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FDA Staff Says Long-Acting Oxycodone (Troxyca ER) Can Be Manipulated for Abuse
An investigational long-acting formulation of the opioid painkiller oxycodone (Troxyca ER, Pfizer) can be manipulated despite its potential to deter abuse, according to a preliminary review by FDA staff. Pfizer is seeking approval of Troxyca ER for the management of chronic pain that may require daily, around-the-clock opioid treatment and for which alternative treatment options are inadequate.
The abuse-deterrent mechanism of Troxyca ER involves the incorporation of naltrexone, a mu-opioid receptor antagonist, in oxycodone-coated pellets, which are housed within a capsule. The product is designed so that that if the pellets are crushed in an attempt to abuse the painkiller, naltrexone is released to counteract the opioid effects of oxycodone. The capsules are manufactured in 10 mg/1.2 mg, 20 mg/2.4 mg, 30 mg/3.6 mg, 40 mg/4.8 mg, 60 mg/7.2mg, and 80 mg/9.6 mg strengths of oxycodone/naltrexone.
According to the staff’s report, studies were conducted to determine the extraction potential of oxycodone and naltrexone when extracted from the pellet formulations with common solvents. The studies used both intact and crushed pellets. When a common solvent was used, 90% of oxycodone could be extracted from intact pellets within three hours or more, and when two other solvents were used, about 60% of oxycodone could be extracted within 15 minutes or less. When crushed pellets were used, a common solvent could extract about 60% of the oxycodone within 15 minutes or less.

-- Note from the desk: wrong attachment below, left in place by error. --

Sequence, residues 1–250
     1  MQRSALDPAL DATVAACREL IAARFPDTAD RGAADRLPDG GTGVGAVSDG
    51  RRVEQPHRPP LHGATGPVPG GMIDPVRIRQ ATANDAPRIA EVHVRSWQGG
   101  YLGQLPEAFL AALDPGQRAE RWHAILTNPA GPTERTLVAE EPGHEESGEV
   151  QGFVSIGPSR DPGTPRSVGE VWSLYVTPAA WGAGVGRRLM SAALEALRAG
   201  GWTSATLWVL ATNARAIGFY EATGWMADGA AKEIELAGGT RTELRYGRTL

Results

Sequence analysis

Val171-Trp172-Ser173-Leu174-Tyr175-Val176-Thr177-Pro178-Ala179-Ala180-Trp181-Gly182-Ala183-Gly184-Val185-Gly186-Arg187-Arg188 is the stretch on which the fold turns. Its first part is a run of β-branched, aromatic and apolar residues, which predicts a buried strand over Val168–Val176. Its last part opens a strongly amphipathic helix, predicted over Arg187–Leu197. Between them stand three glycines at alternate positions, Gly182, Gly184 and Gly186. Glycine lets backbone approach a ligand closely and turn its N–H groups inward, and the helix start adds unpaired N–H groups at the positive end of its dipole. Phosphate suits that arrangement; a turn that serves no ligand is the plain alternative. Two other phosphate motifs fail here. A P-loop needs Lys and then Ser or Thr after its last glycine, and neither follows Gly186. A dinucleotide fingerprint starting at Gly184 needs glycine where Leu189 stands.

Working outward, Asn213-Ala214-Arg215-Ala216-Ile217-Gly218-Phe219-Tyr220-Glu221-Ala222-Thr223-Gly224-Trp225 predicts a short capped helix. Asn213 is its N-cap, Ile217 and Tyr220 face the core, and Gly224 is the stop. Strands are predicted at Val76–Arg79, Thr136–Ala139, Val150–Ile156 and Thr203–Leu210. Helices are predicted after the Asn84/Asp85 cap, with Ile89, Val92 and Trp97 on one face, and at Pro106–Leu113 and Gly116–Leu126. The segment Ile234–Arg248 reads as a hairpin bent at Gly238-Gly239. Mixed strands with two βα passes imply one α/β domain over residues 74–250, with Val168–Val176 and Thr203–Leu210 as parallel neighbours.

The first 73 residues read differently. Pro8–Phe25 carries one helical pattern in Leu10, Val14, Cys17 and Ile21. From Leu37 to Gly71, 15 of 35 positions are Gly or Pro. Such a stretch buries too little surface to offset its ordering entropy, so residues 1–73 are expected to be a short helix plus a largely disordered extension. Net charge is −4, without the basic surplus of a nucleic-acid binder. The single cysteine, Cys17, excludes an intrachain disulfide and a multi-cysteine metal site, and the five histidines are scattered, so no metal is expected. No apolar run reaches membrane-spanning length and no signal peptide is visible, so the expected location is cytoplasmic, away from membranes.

Other studies demonstrated, however, that negligible oxycodone is released from heated Troxyca ER vapor, reducing the likelihood of abuse by those seeking to inhale it, the staff added.
On June 8, in a joint meeting of the FDA’s Anesthetic and Analgesic Drug Products Advisory Committee and its Drug Safety and Risk Management Advisory Committee, expert advisors will be asked to decide whether Pfizer should be allowed to claim on the Troxyca ER label that it deters abuse. The panel will vote separately on whether the product is likely to deter abuse when swallowed, snorted, or injected.
Currently, two extended-release analgesic combination drug products containing an opioid agonist and an opioid antagonist are available in the U.S.: morphine/naltrexone (Embeda, Pfizer) and oxycodone/naloxone (Targiniq ER, Purdue Pharma).
Sources: Reuters; June 6, 2016; and FDA Briefing Document; June 6, 2016.